"I don't know what the mistake was, they knew they were women and children and they still attacked them and after they attacked them, they set them on fire," Julián LeBarón, an activist and community leader, told AFP.

"No authority can be legitimate … when it says' I don't protect you but I forbid you the means for you to defend yourself and protect yourself. We don't accept this stupidity," he added angrily.

The National Guard "is not where it should be"

Steven Langford, who was mayor of the village from 2015 to 2018, expects the murders to have an “important” impact on the community and that about half of the residents can leave outside, in the absence of state forces and the presence of criminal groups linked to drug trafficking.

"This was a massacre, 100% a massacre," Langford told AFP, who lost a sister, Christina Langford, in the ambush. "I don't know how it is in anyone's consciousness to do something so horrible," he added.

A similar impression has William Stubbs, a walnut and alfalfa producer who is a member of a safety committee of the LeBarón Colony. He believes that some will move with their families to the United States for fear of violence in Mexico, but that they will eventually return, as happened after the murder of Bejamín LeBarón in 2009, at the hands of a criminal group.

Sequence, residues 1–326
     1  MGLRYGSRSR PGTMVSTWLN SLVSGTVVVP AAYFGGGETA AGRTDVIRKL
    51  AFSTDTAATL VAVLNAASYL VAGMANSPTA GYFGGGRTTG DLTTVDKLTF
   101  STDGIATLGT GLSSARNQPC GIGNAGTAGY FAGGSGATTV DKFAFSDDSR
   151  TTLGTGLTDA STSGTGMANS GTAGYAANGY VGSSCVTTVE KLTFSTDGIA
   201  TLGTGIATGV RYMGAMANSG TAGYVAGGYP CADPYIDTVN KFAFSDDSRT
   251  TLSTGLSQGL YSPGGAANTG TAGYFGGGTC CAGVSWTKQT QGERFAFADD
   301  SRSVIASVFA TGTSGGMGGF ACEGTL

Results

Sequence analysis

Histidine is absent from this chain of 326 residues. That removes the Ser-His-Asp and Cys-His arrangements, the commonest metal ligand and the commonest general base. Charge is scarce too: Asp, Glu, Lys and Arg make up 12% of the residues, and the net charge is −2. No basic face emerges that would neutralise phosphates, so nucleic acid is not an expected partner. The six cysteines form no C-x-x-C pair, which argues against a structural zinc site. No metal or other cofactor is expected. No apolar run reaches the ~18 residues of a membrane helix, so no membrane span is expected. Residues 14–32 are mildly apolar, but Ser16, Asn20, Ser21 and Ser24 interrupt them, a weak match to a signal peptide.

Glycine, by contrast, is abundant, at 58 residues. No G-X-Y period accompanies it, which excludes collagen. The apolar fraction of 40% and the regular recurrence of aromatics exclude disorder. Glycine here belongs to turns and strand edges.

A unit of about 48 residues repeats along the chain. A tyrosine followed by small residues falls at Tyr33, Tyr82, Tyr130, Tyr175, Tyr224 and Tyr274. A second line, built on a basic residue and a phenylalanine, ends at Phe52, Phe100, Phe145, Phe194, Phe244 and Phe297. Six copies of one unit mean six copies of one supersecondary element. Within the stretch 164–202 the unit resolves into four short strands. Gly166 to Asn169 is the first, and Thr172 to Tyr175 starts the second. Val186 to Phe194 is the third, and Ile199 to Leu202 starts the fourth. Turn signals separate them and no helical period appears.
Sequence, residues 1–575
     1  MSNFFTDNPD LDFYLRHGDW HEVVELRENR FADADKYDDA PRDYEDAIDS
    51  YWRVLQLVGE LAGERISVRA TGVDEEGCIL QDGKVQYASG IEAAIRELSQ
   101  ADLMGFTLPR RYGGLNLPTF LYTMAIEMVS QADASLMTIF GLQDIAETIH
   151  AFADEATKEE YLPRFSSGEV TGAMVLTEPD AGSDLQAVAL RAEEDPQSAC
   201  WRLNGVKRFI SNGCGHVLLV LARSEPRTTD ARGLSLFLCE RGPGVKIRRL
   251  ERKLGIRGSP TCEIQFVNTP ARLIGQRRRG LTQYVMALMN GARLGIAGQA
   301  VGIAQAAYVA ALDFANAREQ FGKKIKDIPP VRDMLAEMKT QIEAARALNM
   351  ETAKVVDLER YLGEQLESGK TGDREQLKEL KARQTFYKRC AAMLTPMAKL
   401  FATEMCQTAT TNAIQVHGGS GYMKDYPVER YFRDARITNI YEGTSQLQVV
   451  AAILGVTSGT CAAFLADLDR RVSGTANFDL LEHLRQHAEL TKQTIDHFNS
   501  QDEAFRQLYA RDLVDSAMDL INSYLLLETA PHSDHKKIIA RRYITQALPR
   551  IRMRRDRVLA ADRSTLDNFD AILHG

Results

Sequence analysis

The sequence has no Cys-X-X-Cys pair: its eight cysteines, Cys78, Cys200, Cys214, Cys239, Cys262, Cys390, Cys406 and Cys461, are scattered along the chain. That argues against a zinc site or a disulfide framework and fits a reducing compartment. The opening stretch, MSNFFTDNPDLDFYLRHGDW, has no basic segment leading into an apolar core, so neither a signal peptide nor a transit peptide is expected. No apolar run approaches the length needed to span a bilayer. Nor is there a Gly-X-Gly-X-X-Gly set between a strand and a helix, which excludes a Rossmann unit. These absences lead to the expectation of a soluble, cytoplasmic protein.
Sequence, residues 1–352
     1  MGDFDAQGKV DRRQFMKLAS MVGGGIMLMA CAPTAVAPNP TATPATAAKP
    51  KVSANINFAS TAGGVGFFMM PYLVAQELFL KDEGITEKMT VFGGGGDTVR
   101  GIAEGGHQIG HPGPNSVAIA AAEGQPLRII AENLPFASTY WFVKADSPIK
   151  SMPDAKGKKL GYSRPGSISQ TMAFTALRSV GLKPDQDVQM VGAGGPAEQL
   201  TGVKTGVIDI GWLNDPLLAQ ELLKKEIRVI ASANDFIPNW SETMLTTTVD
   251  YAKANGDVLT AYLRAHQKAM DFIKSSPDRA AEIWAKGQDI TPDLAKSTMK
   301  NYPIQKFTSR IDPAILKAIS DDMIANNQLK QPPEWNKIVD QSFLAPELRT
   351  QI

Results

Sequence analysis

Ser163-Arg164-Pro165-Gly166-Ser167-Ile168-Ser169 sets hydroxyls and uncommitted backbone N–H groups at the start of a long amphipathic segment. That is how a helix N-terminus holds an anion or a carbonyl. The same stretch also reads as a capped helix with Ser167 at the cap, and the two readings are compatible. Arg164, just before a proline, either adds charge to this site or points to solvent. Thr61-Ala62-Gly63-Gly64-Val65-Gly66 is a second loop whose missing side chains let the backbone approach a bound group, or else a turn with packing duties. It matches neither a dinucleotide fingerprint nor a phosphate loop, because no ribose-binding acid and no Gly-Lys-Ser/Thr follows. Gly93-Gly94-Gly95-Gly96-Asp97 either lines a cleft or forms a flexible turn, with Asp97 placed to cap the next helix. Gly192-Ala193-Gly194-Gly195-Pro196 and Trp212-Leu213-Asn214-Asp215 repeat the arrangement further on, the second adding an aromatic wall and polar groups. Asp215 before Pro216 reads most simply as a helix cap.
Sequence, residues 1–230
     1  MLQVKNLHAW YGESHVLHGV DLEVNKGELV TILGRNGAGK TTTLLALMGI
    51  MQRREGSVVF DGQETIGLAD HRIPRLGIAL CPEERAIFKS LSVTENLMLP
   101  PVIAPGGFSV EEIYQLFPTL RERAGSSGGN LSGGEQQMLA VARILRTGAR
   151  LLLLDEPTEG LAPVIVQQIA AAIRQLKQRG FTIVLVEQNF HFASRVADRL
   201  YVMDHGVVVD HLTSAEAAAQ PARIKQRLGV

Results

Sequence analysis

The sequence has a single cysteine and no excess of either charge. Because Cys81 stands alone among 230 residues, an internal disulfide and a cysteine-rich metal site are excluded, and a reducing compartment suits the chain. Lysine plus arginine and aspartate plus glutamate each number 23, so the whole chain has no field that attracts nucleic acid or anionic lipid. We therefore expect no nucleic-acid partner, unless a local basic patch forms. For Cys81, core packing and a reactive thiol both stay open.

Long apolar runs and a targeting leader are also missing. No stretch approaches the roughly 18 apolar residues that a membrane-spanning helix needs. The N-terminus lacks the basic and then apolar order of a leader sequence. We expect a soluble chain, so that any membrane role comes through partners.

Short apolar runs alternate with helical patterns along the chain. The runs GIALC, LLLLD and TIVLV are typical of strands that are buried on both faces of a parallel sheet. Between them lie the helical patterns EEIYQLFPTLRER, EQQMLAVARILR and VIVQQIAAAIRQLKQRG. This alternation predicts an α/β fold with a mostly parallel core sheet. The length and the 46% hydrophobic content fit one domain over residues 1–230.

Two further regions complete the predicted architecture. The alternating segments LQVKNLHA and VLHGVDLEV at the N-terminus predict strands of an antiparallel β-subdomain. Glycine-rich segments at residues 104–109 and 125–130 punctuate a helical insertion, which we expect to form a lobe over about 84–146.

After that crime, the residents of the village took turns every night for two years to take positions with high-power binoculars and watch from the 'LeBarón' sign, which is on a hillside above the village. The cartels left, but returned forcefully after a few years, colonizing vast expanses of the north of the country.

Stubbs has many doubts about the “hugs, not bullets” security strategy sponsored by Mexican President Andrés Manuel López Obrador to try to solve the underlying social problems, instead of fighting drug cartels with military force.

“I am really shocked at his way of thinking. That will not solve the problems, ”he said. "We are not military experts, neither of war, nor of weapons," Stubbs said. “We are farmers and we have large and incredible families. We definitely want our families to be peaceful. ”

Security expert Alejandro Hope, quoted by the PA, argues that "there are areas where the state is very fragile," where the presence of the National Guard is necessary, which has 70,000 elements. However, the states of Sonora and Chihuahua, which have a joint extension of 160,000 square miles (420,000 square kilometers), only have 4,100 GN troops, about one agent for every 40 square miles (100 square kilometers).

"The central instrument of this government's policy, which is the National Guard, is not where it should be," Hope said. "They must put them in the mountains, they are not there," he added.

"They were riddled mercilessly": relatives of the victims and members of the Mormon community visit the place where the tragedy occurred (photos)